To me, the day after Labor Day is New Year’s Day. When school begins, my calendar year begins. That’s how it was when I was the student. Then our kids were the students. And Peter and I both worked in academia for more than thirty years. Fall is the year’s beginning to us.
Last week, I decided to walk over to the Farmer’s Market on the Harvard University campus for some end-of-summer corn and maybe some beginning-of-fall apples. I didn’t realize that it was freshman move-in-day. Harvard Yard (surrounded by freshman dormitories) becomes a parking lot. Signs warn that you only have twenty minutes to unload the belongings of your member of the class of 2023. Harvard’s maintenance vehicles can’t keep up with the mountains of empty cardboard boxes on the walkways.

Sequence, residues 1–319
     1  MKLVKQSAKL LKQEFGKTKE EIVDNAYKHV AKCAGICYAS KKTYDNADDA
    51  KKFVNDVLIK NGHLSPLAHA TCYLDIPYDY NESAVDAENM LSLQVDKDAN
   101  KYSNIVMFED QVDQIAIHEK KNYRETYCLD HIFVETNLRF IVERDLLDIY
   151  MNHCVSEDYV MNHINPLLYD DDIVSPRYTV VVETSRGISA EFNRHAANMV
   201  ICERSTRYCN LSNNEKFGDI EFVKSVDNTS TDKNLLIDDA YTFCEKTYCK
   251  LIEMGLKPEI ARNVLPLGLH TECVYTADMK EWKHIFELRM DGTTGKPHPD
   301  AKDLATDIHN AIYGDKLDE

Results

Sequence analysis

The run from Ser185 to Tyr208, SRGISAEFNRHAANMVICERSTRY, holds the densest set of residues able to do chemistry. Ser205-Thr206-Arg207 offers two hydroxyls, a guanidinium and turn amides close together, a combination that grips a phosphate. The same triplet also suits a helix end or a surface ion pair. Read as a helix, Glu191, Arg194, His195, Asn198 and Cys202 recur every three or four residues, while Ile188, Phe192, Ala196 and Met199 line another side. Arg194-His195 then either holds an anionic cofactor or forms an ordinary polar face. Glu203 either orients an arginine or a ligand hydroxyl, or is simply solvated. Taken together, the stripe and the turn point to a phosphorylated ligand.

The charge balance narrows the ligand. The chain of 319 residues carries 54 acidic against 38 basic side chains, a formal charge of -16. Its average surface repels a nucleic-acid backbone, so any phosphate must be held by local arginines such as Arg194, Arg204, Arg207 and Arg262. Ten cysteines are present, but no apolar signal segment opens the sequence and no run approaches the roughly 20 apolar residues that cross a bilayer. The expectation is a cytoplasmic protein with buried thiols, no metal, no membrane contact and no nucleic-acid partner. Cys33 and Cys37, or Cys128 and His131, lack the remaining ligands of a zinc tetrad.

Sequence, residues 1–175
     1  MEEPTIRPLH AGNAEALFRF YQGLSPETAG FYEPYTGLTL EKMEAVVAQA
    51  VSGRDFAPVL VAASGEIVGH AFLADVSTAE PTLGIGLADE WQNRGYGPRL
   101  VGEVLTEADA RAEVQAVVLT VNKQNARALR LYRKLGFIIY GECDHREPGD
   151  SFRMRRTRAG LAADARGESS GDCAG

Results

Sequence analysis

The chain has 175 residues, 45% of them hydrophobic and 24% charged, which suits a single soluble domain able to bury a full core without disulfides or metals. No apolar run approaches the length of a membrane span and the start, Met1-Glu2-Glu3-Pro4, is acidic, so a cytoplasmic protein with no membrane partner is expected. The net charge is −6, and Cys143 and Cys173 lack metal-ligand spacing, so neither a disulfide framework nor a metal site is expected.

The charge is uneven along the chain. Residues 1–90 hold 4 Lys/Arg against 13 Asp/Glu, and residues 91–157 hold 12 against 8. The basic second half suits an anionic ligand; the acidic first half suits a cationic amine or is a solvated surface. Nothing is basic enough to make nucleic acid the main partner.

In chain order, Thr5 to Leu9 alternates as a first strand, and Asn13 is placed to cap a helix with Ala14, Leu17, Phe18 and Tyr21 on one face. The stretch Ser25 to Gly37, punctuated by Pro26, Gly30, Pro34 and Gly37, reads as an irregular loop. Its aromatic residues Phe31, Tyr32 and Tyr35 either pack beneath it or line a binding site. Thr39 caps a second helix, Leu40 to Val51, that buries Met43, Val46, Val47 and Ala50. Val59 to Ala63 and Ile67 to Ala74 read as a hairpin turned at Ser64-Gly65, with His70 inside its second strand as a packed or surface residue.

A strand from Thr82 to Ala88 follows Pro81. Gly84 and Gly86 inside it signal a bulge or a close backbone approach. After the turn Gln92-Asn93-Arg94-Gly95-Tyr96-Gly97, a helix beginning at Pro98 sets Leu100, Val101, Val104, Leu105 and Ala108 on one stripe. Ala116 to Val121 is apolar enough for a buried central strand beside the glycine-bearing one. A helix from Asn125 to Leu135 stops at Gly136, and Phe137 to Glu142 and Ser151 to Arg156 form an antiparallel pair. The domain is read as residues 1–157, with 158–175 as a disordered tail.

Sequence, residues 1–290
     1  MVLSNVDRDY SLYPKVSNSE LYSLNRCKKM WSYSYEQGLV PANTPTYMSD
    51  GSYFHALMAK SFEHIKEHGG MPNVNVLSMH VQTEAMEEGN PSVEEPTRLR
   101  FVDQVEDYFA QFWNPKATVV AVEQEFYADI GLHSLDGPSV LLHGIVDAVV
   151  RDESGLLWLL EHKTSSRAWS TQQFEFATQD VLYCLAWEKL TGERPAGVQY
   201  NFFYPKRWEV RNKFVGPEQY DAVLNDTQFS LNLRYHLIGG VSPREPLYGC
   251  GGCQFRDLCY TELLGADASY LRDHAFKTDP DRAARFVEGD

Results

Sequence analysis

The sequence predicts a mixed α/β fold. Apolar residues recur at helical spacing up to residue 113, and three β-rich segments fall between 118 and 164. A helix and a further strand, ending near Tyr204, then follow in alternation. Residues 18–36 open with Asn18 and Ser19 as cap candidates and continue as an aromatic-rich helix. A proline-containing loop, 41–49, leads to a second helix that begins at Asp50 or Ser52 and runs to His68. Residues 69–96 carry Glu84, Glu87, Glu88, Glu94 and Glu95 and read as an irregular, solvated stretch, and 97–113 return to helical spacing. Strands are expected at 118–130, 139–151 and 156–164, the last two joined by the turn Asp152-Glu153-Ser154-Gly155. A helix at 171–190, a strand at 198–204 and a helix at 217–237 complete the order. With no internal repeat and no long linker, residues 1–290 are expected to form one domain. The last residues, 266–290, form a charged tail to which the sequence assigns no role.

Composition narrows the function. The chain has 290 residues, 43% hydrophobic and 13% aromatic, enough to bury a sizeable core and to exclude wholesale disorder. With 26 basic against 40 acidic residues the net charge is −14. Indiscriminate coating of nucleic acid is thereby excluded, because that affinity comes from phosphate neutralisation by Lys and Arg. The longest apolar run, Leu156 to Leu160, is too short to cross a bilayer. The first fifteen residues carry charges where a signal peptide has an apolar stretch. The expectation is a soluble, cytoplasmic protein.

I’ve just finished reading Grown and Flown, a new book that prepares parents for the very event I was observing. I smiled to myself as I recognized the usual emotions that accompany saying good-bye to a child. I can’t even remember my own college drop-off, but I bet my parents did.
I did notice something different this year. There were strategically placed police eyeing the crowd. Thoughts of mass shootings rushed into my head and I quickened my steps.